California in spotlight as US voters cast ballots in primaries

Trump tweeted early Tuesday urging Republicans to head to the polls

Afp June 06, 2018
A woman casts her vote at a polling station inside the Alhambra Fire Department in Alhambra, Los Angeles County, California on June 5, 2018 as Californians go to the polls today to vote on key primary elections PHOTO: AFP

LOS ANGELES: Voters cast ballots in eight US states for key primary elections on Tuesday, with all eyes on California, where the outcome could swing the balance of power in Congress.

Democrats in the country's most populous state are battling to ensure they come out on top in several congressional districts that voted for Hillary Clinton over Donald Trump in the 2016 presidential election.

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However, given the state's unusual election system in which the two top vote-getters move on to the general election in November, regardless of party affiliation, Democrats fear they may give Republicans the upper hand in some districts where they have a glut of candidates.

"The worry is that with so many enthusiastic Democrats running for Congress, the Democrats will split up the Democratic vote and you'll end up with one or two Republicans in the top two slots," said Elaine Kamarck, a senior fellow at the Washington-based Brookings Institution.

"So there's quite a bit of concern that this would backfire and that congressional districts that would elect a Democrat in the end would be given only the choice of Republicans."

The race has garnered huge attention nationwide, especially given how solidly Democratic California has been, but it is unclear whether the high stakes will spur voters to cast ballots.

"Turnout is always the uncertainty in primary elections," said Louis DeSipio, a political science professor at the University of California at Irvine.

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"If Democrats are as energized in California as they have been in some other states, they can move into the general election with no viable Republicans running statewide.

"This seems unlikely, but is a possibility."

Officials said final results for the vote may take several days, or even weeks, given that many of the 19.4 million registered voters are casting their ballots by mail.

In San Diego County, for example, more than 1.1 million mail ballots were sent out to residents, meaning that the majority of the area's 1.69 million registered are likely to snub polling stations.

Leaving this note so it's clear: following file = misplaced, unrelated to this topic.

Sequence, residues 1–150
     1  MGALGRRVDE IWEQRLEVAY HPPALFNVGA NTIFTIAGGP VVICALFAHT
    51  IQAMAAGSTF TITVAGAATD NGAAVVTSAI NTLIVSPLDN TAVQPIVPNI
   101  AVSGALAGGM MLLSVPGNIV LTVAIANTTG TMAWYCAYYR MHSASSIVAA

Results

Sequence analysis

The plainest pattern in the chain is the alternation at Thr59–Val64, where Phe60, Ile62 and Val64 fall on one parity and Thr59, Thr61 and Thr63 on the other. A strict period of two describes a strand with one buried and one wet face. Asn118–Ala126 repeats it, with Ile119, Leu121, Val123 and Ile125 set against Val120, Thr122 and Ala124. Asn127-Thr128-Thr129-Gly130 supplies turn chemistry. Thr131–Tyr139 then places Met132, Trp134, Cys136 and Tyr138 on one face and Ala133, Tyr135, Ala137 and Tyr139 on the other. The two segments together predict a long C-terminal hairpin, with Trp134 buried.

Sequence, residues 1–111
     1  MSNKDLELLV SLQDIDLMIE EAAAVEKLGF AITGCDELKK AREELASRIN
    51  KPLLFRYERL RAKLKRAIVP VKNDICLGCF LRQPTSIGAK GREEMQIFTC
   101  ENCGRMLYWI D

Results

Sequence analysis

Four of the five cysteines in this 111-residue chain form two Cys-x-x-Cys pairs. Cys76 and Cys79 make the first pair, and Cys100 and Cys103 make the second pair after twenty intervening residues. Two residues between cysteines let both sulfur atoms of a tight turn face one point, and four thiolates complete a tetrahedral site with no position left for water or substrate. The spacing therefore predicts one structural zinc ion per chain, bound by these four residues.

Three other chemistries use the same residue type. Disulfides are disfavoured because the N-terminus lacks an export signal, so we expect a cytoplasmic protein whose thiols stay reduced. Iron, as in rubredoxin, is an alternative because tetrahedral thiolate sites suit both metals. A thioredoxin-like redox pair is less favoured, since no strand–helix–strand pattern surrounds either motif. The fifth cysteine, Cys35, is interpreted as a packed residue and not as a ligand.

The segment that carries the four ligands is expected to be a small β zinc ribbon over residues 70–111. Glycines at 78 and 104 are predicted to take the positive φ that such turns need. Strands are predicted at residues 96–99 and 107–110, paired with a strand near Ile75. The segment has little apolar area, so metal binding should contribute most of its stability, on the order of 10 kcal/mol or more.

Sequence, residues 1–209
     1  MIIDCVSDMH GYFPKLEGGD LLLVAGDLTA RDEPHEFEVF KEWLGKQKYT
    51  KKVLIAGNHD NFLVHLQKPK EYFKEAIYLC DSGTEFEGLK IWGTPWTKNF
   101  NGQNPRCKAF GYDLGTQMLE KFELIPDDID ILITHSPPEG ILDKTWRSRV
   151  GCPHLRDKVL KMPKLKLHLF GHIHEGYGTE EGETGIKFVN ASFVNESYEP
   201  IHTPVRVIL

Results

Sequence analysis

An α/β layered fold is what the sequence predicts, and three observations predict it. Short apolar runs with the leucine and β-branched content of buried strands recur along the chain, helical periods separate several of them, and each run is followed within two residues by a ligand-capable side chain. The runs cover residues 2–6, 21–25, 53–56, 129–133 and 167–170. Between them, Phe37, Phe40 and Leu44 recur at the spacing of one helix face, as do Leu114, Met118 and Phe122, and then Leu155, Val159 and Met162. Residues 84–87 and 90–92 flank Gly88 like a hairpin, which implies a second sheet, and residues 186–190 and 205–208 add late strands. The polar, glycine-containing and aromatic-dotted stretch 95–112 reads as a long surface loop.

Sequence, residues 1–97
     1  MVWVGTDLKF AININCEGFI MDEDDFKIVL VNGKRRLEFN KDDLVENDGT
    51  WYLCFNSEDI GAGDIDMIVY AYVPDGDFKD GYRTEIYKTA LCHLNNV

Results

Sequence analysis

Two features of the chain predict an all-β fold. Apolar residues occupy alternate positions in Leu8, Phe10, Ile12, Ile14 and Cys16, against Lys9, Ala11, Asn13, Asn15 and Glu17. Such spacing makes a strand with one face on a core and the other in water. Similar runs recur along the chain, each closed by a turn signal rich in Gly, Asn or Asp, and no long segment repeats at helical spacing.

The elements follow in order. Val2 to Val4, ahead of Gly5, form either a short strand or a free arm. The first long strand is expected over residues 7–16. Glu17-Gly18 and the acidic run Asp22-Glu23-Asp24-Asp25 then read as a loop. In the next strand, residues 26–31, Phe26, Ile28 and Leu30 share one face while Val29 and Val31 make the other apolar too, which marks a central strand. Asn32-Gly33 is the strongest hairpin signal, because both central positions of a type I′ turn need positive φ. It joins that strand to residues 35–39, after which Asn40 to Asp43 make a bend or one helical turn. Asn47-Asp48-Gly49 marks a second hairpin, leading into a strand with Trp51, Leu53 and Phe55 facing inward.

There are 27 candidates looking to succeed Democratic Governor Jerry Brown, and more than two dozen looking to replace veteran US Senator Dianne Feinstein.

And in the race for California's 53 seats in the US House of Representatives, the slate of candidates features a plethora of novice Democrats looking to make a statement against Republican President Donald Trump.

Kamarck said that although Democrats in the most prominent anti-Trump state in the country would be expected to fare well, the "jungle" format of the election could create chaos.

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Trump tweeted early Tuesday urging Republicans to head to the polls.
"Get the vote out in California today for Rep. Kevin McCarthy and all of the great GOP candidates for Congress. Keep our country out of the hands of High Tax, High Crime Nancy Pelosi," Trump said, referring to the 78-year-old House Democratic minority leader.

In the race for the governor's mansion, former San Francisco mayor Gavin Newsom -- who gained attention for allowing same-sex unions before the legalization of gay marriage -- has a strong lead in opinion polls.

Former Los Angeles mayor Antonio Villaraigosa, also a Democrat, is in second place, but he could be outrun by Republican businessman John Cox, if other fringe Democratic candidates earn votes.

Some also think Villaraigosa has counted too heavily on the Latino vote, notoriously unpredictable in the primaries, and has failed to mobilize wider support.

In the Senate race, Feinstein is leading, followed by Democratic challenger Kevin de Leon, but the number of candidates in the race could throw a spanner in the works for the party.

In the House races, Democrats are focusing on seven districts currently in Republican hands that voted for Hillary Clinton in 2016 and could flip again this year.

But in at least five of them, progressive candidates could split the vote, leaving a path for Republicans to make the November runoff.

The Democratic Party "tried to winnow out some of the candidates, but the same excitement and energy that led them to run in the first place makes them unlikely to listen to the national party," DeSipio said.

Nationwide, Democrats must clinch at least 23 seats from Republicans to wrest control of the House of Representatives.

Apart from California, voters also cast ballots in Alabama, Iowa, Mississippi, Montana, New Jersey, New Mexico and South Dakota.


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